In wrong place, a walk is as good as a run


April 14, 1994|By Jim Henneman | Jim Henneman,Sun Staff Writer

Did you ever notice that the percentage of hitters who walk and eventually score against pitchers with good control is generally higher than it is with those who consistently throw on the wild side?

Or is that theory merely a figment of the imagination that tends to surface after games such as the Orioles' 6-3 loss to the Tigers in Detroit yesterday? Maybe it's a subject for research the next time baseball thirsts for another statistic.

Certainly yesterday's loss cannot be blamed on the wildness of Jamie Moyer and Mark Eichhorn, a pair of control specialists. Yet . . .

During the entire game, only two batters reached via a base on balls, a rather remarkable achievement considering the size of the shrunken strike zone. However, though those two runners may not have changed the outcome, they definitely had a major effect on the game.

As is the case with errors, leadoff walks and those with two outs seem to come with the biggest consequences. The Orioles gave up one of each yesterday, and they were quickly transformed from potential outs to high-risk situations.

Both came from pitchers who are prone to giving up hits, and thus cannot usually afford to allow extra base runners. The fact that bothwere followed by home runs -- Cecil Fielder's blast off Moyer to break a 1-1 tie in the sixth inning and a drive by Eric Davis off Eichhorn to put the game away an inning later -- emphasized that point.

Nobody can say for sure that Davis and Juan Samuel, who drew the walks, would not have reached base. But neither can it be denied that two-thirds of the runs the Tigers scored yesterday were at the least indirectly tied to the only free passes issued during the game.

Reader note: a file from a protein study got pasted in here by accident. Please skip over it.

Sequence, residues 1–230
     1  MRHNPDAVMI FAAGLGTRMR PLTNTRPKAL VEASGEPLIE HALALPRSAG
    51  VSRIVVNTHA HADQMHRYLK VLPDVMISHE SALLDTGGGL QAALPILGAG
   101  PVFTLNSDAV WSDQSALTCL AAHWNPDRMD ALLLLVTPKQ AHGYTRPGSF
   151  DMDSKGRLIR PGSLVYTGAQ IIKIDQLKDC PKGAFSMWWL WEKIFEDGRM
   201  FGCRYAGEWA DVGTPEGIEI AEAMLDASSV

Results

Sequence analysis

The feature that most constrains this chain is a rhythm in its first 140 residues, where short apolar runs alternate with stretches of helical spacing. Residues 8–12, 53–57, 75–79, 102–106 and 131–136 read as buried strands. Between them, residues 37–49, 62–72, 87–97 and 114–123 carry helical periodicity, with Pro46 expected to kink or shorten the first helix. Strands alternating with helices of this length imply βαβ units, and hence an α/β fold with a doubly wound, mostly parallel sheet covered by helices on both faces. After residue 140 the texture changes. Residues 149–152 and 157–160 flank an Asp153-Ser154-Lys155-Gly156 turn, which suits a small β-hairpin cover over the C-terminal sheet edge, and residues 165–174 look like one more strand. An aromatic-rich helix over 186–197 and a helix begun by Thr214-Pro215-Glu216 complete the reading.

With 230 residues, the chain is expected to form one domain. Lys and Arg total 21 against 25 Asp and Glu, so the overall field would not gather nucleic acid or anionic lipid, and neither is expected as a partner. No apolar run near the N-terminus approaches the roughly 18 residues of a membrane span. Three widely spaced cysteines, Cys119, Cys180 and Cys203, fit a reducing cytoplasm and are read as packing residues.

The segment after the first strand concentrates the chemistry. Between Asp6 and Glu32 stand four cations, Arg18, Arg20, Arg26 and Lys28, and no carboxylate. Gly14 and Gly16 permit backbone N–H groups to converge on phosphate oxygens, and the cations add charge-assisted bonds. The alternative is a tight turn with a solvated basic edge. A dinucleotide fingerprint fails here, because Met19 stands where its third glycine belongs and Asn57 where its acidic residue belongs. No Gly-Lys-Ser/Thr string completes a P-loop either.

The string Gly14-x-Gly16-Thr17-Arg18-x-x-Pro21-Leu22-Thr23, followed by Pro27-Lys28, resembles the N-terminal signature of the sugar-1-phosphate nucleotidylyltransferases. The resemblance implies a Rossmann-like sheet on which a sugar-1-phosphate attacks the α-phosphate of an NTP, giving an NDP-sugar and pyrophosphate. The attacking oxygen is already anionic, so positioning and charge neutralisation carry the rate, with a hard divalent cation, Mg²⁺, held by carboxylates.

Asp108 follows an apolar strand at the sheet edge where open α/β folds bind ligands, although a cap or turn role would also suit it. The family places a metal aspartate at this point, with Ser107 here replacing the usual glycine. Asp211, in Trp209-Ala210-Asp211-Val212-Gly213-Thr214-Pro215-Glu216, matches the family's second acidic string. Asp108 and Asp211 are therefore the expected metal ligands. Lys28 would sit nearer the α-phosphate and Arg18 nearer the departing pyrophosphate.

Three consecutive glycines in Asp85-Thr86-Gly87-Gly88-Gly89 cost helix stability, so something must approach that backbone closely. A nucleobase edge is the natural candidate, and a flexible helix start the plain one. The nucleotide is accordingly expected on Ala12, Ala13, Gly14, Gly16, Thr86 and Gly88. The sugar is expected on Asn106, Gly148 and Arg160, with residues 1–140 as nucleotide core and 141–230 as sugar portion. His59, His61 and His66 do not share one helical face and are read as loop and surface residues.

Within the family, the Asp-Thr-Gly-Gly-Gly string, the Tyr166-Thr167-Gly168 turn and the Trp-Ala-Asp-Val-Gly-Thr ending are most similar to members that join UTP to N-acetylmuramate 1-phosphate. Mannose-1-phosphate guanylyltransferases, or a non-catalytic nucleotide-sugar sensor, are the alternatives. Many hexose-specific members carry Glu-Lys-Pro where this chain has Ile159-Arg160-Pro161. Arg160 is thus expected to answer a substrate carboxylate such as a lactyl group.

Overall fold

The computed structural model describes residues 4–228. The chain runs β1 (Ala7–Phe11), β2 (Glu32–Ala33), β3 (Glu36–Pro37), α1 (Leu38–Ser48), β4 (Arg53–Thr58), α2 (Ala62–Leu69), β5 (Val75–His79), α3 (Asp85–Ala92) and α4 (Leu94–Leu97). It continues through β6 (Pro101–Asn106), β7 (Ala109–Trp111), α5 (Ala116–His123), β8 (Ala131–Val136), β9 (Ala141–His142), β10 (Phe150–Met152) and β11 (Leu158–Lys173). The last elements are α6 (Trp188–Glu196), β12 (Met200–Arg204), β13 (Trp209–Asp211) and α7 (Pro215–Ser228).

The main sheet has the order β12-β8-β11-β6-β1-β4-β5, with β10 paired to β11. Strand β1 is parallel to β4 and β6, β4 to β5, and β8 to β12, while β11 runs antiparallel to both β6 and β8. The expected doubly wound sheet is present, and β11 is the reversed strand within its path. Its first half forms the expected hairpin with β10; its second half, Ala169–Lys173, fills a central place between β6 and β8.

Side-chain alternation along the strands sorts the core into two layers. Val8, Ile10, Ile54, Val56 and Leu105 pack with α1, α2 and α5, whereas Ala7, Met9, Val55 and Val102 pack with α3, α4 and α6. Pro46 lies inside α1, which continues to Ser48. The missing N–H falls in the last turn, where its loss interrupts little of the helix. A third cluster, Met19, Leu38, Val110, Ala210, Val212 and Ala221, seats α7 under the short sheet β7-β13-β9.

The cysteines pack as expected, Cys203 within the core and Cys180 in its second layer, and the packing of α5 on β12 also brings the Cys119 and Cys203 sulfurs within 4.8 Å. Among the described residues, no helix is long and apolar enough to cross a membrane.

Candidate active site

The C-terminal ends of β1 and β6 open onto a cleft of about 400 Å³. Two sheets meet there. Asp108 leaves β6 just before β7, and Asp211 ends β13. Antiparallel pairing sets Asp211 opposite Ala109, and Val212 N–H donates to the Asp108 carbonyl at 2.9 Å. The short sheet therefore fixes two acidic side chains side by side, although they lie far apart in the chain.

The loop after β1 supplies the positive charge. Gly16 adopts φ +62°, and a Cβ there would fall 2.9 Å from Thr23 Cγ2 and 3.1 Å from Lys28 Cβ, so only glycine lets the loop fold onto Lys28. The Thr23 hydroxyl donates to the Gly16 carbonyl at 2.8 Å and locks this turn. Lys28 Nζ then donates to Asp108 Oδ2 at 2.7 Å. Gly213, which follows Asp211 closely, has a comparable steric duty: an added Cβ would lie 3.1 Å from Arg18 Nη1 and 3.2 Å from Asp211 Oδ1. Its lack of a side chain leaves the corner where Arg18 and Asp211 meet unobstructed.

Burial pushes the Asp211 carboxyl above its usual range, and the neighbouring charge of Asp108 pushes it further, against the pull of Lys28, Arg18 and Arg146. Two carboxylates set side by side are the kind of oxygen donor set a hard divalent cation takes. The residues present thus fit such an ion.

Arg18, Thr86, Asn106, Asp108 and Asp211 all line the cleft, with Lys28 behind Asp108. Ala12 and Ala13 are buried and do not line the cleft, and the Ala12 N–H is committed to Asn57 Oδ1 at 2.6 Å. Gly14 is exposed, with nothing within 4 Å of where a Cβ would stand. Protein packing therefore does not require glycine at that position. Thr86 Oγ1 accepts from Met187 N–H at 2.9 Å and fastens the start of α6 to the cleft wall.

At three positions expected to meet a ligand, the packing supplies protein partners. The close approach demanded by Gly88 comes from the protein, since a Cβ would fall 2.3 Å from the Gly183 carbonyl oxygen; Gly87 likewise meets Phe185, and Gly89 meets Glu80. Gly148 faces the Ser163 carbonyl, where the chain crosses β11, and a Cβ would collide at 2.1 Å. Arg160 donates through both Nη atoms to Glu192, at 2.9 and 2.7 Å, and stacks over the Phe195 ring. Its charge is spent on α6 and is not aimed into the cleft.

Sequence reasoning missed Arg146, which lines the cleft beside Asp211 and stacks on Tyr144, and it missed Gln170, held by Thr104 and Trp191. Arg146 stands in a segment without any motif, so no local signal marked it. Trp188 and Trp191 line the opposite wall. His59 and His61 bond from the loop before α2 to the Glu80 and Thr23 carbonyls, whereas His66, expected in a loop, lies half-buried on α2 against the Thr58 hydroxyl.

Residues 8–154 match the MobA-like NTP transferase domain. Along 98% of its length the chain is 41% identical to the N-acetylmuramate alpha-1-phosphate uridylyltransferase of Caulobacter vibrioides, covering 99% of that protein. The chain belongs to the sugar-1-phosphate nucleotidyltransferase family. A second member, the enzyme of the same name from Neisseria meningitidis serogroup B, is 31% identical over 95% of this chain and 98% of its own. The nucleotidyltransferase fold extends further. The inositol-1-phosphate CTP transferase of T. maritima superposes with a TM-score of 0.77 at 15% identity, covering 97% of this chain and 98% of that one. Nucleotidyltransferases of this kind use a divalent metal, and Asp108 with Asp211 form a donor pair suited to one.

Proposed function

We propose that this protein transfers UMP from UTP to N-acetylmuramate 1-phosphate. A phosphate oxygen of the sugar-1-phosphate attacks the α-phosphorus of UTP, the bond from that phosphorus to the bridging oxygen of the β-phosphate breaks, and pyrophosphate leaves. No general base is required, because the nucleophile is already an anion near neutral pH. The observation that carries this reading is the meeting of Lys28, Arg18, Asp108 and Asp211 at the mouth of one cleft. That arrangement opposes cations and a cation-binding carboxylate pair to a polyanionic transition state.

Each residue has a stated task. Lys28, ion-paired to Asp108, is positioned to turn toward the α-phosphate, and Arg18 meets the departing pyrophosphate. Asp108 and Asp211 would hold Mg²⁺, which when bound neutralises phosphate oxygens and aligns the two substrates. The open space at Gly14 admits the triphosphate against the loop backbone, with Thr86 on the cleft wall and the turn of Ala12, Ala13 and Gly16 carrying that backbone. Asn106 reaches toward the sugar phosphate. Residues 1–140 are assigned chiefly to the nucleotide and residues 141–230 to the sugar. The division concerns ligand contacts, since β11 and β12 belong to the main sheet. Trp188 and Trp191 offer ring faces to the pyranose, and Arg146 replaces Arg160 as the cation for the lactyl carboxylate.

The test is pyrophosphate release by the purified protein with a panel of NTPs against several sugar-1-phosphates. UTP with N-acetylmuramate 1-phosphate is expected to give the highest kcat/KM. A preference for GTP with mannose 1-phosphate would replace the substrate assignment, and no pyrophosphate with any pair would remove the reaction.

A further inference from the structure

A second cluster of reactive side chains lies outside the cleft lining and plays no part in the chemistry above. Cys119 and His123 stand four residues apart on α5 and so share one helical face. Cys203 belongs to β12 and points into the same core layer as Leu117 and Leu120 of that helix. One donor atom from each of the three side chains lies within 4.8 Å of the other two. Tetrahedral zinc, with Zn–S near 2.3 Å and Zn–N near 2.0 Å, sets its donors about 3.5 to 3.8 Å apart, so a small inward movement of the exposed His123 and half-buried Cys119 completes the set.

The two walks were not instances of pitchers lacking control, but rather being overcautious. It is part of their pitching style and, as often as not, ball four is a weak pop fly or a grounder to the second baseman.

And that is often the difference between pitchers who walk a fine

line and those who live on the wild edge. Arthur Rhodes is known, and often rebuked, for his scatter-arm tendencies, but that same arm also is strong enough for him to escape a mess of his own creation.

There are times when a walk can be an effective ploy -- it's not the worst way to pitch to Fielder, for instance. But the two situations yesterday -- leading off an inning or with two outs and ++ the middle of the lineup staring you in the face -- do not fall into the good strategy category.

They were, pure and simple, mistakes. Physical, not mental, mistakes, the kind Moyer and Eichhorn usually avoid.

Sometimes the evidence is skimpy, other times it's as obvious as a two-run homer.

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